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Brett Newski

Are ‘YouTube to MP3’ Downloaders Illegal to Use?


If you've been listening to dance music in the last decade, there's probably a pretty good chance that you've downloaded an exclusive tune with a 'YouTube to Mp3" converter. But are they legal? Brett Newski from Digital Music News with the details

This article originally appeared on Digital Music News

Please note: the following article deals primarily with US-based copyright law, specifically as it relates to ‘youtube to mp3’ and stream-ripping sites. We also briefly discuss German copyright law, and will be expanding the scope of this piece to include other countries soon.

Here are some important issues to keep in mind.

(1) YouTube itself is 100% legal to use.

You can’t commit piracy or violate a copyright by streaming anything — at any time — on YouTube. You are completely safe here. But is it legal to then convert YouTube videos into downloads, to be viewed later? That remains an incredibly confusing question.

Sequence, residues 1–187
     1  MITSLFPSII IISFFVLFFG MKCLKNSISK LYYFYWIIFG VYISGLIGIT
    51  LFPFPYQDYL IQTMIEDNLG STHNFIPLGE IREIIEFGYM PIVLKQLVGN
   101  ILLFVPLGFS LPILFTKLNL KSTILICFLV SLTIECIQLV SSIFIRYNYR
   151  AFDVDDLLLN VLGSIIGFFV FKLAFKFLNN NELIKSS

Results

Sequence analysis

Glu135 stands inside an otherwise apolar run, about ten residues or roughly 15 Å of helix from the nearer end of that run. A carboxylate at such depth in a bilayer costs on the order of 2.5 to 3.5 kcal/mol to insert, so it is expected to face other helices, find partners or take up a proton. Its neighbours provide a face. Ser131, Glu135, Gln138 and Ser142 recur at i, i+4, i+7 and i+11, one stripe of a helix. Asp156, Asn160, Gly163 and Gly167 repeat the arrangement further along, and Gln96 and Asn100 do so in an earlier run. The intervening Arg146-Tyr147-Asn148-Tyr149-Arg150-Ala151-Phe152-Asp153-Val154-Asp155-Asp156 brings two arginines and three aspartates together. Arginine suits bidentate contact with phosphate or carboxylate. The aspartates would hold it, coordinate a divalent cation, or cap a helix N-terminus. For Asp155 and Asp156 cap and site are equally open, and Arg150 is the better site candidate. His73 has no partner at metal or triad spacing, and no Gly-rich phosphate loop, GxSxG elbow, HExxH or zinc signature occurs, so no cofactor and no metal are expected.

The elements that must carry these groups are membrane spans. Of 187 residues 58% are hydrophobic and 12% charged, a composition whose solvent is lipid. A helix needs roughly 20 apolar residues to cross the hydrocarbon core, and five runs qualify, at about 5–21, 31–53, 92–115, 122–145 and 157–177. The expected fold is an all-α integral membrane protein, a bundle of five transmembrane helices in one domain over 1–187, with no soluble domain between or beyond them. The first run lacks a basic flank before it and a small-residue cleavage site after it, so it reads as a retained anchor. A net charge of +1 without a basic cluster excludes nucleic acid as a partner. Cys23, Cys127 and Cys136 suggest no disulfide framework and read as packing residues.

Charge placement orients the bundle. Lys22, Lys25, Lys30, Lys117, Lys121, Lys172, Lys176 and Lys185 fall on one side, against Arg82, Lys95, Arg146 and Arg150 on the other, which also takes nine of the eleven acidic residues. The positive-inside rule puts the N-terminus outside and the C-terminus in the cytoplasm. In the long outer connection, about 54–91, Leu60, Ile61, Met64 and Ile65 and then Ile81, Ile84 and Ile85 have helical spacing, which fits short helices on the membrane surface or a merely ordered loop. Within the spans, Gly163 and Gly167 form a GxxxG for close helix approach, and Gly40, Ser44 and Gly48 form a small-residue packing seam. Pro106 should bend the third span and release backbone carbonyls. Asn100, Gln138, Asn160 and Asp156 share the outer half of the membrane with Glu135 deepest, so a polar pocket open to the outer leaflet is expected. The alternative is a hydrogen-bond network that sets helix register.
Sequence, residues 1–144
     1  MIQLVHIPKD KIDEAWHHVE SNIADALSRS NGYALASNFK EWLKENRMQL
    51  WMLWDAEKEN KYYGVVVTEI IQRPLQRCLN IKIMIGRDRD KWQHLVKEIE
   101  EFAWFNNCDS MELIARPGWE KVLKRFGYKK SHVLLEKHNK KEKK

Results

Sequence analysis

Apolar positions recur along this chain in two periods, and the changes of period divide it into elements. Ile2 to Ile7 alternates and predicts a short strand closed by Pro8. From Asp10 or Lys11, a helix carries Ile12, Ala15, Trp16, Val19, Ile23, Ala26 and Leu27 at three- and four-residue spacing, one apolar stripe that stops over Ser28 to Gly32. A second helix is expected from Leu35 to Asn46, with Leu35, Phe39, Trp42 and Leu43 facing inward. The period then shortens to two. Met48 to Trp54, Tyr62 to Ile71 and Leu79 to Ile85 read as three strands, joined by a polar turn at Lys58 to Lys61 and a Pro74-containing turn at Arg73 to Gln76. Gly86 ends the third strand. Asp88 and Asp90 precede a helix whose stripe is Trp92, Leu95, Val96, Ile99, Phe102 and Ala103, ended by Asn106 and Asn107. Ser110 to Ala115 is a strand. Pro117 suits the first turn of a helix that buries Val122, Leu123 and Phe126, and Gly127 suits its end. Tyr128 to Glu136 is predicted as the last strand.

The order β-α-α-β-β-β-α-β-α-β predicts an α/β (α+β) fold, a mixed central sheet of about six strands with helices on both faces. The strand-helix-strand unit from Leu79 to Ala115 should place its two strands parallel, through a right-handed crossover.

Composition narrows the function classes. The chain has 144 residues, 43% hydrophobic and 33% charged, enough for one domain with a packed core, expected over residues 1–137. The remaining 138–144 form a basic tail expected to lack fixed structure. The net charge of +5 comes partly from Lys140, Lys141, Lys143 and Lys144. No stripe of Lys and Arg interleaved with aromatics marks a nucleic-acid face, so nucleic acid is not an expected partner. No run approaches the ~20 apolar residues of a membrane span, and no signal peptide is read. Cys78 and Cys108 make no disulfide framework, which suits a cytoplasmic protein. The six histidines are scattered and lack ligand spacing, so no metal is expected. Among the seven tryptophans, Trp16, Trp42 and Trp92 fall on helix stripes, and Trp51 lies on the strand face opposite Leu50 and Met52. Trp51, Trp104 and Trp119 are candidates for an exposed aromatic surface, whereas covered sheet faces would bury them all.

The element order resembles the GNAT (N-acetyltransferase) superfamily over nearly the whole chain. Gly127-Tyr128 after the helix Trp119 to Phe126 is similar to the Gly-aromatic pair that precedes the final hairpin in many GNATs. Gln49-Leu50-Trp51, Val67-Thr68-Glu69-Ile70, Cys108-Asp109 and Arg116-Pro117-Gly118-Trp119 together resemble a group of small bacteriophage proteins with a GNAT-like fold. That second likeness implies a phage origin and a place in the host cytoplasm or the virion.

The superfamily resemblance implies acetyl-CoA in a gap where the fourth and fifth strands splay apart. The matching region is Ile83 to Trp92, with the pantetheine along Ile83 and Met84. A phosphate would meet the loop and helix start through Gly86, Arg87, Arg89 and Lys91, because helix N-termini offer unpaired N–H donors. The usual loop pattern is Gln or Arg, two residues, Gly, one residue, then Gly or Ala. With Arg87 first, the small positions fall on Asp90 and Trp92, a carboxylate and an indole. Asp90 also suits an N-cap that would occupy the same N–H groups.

(2) YouTube says ‘stream-ripping’ is a violation of their Terms of Service. But so far, no users have been sued or arrested for this.

Several years ago, Google and YouTube threatened to shut down the largest youtube to mp3 converter, YouTube-mp3.org. They argued that the site was in direct violation to YouTube’s Terms of Service, which says you cannot create a system to capture a video stream.

Interestingly, YouTube never prosecuted youtube-mp3.org, though they claim they blocked it from their ad network. Fast-forward to 2016, and youtube to mp3.org is still a top Google search result. And according to a recent music industry lawsuit, still runs Google-powered ads.

So it looks like Google really doesn’t care. But should you?

(3) It IS illegal for users to convert copyrighted music videos into downloads. But again, no users have been sued or arrested for this.

Again, it is completely legal to watch any video you want on YouTube, or VEVO. But, if that video is copyrighted (which most music videos are), then it’s illegal to create a personal download of that video. That includes an mp3, mp4, or any other download file type.

At this stage, we haven’t heard of one person getting sued or even contacted by the major recording labels for copyright violation. Maybe that’s next, though the Recording Industry Association of America (or, RIAA) is currently focusing all of its energies on suing YouTube-mp3.org.


Read the full story by Brett Newski at Digital Music News

Tags : Digital Music News Mp3 YouTube